These questions highlight a critical point: We can't control our negative emotions. But we can control how we respond to them. "Negative emotions are sure to come whether you want them or not," says Morris. "They arise naturally from events in our daily lives. The problem is that they start to instigate irrational thoughts. You need to capture those irrational thoughts and turn them around with rational questions. Get yourself back into rational mode."


Rational thinking can also help you escape the worry trap. "Worry is a negative attitude that has gone amuck," says Goad. "It is a condition in which you can't stop thinking about a problem."

Fear of the unknown is a big factor in worry. Goad suggests taking control by eliminating the variables of what might happen. Make the subject of your fear concrete by imagining the worst-case scenario. "When you become aware of what that is, ask if the concern is a realistic one," she says. "Is it something you can do anything about, or are you wasting time and energy on a situation not under your control?"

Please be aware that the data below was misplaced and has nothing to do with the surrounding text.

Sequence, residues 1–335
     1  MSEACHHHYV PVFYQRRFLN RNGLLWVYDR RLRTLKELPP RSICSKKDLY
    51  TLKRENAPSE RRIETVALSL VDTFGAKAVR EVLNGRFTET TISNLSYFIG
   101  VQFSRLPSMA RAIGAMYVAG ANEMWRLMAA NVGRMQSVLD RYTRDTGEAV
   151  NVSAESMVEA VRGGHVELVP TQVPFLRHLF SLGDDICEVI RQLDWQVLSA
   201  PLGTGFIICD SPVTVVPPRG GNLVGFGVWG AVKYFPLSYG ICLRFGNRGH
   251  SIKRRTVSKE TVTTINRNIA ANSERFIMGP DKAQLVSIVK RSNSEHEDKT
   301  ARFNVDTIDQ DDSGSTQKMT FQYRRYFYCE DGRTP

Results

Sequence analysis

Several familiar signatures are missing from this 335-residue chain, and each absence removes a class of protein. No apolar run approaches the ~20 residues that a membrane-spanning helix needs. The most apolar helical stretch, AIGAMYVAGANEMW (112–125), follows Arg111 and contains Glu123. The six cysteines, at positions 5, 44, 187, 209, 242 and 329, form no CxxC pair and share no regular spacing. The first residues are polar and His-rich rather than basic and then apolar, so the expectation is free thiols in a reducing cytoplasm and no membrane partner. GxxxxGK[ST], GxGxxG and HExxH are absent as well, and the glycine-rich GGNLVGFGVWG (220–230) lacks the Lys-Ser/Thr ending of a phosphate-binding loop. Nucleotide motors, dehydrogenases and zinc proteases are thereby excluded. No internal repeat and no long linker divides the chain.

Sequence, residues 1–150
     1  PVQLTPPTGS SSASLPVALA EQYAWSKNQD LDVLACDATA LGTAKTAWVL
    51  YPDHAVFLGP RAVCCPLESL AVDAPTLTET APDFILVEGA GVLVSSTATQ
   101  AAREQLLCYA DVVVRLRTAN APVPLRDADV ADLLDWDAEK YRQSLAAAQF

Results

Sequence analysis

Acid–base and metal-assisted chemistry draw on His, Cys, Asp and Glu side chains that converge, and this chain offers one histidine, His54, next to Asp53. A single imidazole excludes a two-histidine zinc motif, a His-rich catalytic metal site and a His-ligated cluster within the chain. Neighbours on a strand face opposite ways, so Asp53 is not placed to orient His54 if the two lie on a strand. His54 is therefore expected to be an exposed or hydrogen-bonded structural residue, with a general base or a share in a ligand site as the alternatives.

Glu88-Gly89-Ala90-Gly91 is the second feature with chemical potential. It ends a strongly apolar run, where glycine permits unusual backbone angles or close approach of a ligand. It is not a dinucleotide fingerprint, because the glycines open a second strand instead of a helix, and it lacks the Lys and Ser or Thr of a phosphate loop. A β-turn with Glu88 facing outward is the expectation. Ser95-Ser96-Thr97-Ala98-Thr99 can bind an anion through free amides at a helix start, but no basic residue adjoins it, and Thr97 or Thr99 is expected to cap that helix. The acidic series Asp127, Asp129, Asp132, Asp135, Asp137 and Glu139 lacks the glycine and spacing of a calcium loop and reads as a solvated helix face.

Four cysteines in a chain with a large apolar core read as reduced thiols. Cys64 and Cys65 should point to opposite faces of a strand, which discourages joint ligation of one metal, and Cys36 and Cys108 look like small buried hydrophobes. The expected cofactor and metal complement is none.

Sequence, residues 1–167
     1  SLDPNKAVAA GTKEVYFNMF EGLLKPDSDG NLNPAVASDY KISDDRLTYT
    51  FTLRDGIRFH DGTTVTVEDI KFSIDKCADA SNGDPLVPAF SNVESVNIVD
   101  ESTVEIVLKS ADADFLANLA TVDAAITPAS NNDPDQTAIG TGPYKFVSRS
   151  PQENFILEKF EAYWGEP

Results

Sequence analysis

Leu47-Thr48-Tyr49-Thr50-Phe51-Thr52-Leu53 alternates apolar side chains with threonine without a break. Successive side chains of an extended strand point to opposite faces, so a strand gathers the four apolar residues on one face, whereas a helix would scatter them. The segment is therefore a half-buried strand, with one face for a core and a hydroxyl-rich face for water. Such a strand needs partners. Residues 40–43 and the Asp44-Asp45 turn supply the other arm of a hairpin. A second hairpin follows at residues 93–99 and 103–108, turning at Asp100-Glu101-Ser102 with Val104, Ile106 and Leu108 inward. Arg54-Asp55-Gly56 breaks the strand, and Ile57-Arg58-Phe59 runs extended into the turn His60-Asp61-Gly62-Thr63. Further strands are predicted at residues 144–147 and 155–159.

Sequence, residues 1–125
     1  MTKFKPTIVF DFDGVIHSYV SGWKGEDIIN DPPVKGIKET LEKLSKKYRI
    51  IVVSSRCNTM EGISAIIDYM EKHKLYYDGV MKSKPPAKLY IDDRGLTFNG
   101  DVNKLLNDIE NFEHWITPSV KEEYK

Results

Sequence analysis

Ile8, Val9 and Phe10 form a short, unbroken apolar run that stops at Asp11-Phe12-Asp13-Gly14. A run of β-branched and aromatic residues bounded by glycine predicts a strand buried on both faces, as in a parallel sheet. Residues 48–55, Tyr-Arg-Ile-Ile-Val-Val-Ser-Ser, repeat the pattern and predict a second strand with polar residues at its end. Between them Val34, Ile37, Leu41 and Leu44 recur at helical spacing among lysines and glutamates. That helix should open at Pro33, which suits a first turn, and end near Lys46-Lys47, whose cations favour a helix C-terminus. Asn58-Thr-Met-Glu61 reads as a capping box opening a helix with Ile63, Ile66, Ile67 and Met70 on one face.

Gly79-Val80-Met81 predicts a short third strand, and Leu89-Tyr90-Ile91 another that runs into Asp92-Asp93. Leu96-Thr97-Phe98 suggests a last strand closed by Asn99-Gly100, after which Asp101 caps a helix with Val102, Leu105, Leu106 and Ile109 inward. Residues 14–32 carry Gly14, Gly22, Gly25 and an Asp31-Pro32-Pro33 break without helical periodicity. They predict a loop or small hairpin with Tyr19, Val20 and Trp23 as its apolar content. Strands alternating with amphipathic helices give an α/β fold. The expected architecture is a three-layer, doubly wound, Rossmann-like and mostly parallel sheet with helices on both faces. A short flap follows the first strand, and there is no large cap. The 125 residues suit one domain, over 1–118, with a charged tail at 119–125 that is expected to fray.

Often we have more than one worry and all of them seem to operate as a kind of background noise, interrupting our clear thinking and casting a dark cloud over our day. In this case, a practice called compartmentalization can help.

"Think of your mind as a big chest with lots of drawers," says Morris. "Assign each worry or project to a certain drawer. Then schedule times to work with each drawer. When it comes time to work on a certain problem open the drawer, work on what you need, then put the problem back in and close the drawer."


"Positive mental attitude has become central to success," says Morris. "It all boils down to one question: Are you looking at your problems positively? You have to answer that before you can do anything."

The reward for answering that question is a healthier workplace, higher profits and a happier life.

Individuals: Take Charge Of Your Day

Are you working in a negative environment? Most of us at some time have either found ourselves in a toxic workplace or at least have been confronted with occasional negative factors that seem beyond our control. What to do.

"As a single person you can't change your organization, but you can begin to change your own thoughts and ideas," says Sid Smith, president of Achieve Coaching, Portland, Ore.